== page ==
Warning: Ecstasy overdose in Saanichton prompts police alert
Police on the Peninsula are warning residents about the risks of the drug called ecstasy after a life-threatening situation last weekend.
A 19-year-old man took the drug at a party in Saanichton on the night of Friday, Jan. 27. When friends noticed him convulsing, they called 911.
“Fortunately, one of the youth recognized the serious reaction the [man] was having after taking the drug and called 911 and the boy has survived this overdose,” said Cpl. Pat Bryant with Central Saanich police. “Many others in British Columbia have not been so fortunate.”
Central Saanich police and Sidney North Saanich RCMP are teaming up to issue the warning because of the sharp rise in deaths related to ecstasy recently. In late 2011 and the early part of this year, three people died on the Lower Mainland and another went to hospital after taking ecstasy. Several deaths in Calgary were also related to the drug.
A chemical substance called PMMA has been linked to six ecstasy deaths.
Local police aren’t sure whether the substance was involved in the Saanichton incident, which police are calling an overdose.
“At this point we can’t say if it was PMMA,” Bryant said. “That’s something that could happen if the investigator wants to follow up on that.”
Bryant said the investigator in this incident did not take samples of the drug. By press time, officers had not interviewed the man, who was taken to Saanich Peninsula Hospital. His blood was tested in a toxicology test.
Other people at the Saanichton party denied ingesting the drug to police.
“One [pill or tablet] is bad,” Bryant said. “Because of people’s different makeup, ingesting this drug can affect someone differently than someone else because this ecstasy is made from so many components.”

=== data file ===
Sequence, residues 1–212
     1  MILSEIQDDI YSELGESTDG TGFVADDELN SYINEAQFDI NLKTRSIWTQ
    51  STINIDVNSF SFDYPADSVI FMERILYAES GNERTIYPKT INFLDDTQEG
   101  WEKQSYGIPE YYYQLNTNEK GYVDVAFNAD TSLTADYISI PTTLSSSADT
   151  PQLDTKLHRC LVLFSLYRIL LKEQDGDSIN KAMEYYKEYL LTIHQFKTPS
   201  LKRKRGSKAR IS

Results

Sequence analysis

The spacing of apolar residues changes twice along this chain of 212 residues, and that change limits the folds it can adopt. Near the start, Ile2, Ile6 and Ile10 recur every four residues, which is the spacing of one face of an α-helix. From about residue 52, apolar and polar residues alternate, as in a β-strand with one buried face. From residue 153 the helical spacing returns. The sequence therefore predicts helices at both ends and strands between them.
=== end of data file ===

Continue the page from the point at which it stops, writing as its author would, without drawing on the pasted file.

People should be wary of ecstasy.
“Ecstasy is a street name not a chemical formula,” Bryant said. “Producers may use a variety of dangerous chemicals and still sell pills as ecstasy.”
The Central Saanich Police Service and Sidney North Saanich RCMP are asking parents of teenagers to have a conversation with their kids tonight about the drug.
Symptoms of an overdose
Sending a message
• Talk to your kids about using drugs.
• There is no such thing as a bad batch of synthetic drugs, because there is no good batch. Every tablet represents a potentially serious health risk whether that be short term or long term.
• Producers may use a variety of dangerous chemicals and still sell pills as ecstasy.
• There is no safe dosage when taking these pills. Even a single use can lead to serious illness or death.
• These drugs are produced in kitchens, garages, bathrooms and worse. There is no way to know what you are eating when you swallow a tablet.
• If your kids are at a house party and see they someone in medical distress, they should call 911. It may save a life, like in this incident.
Source: Central Saanich Police Service and Sidney North Saanich RCMP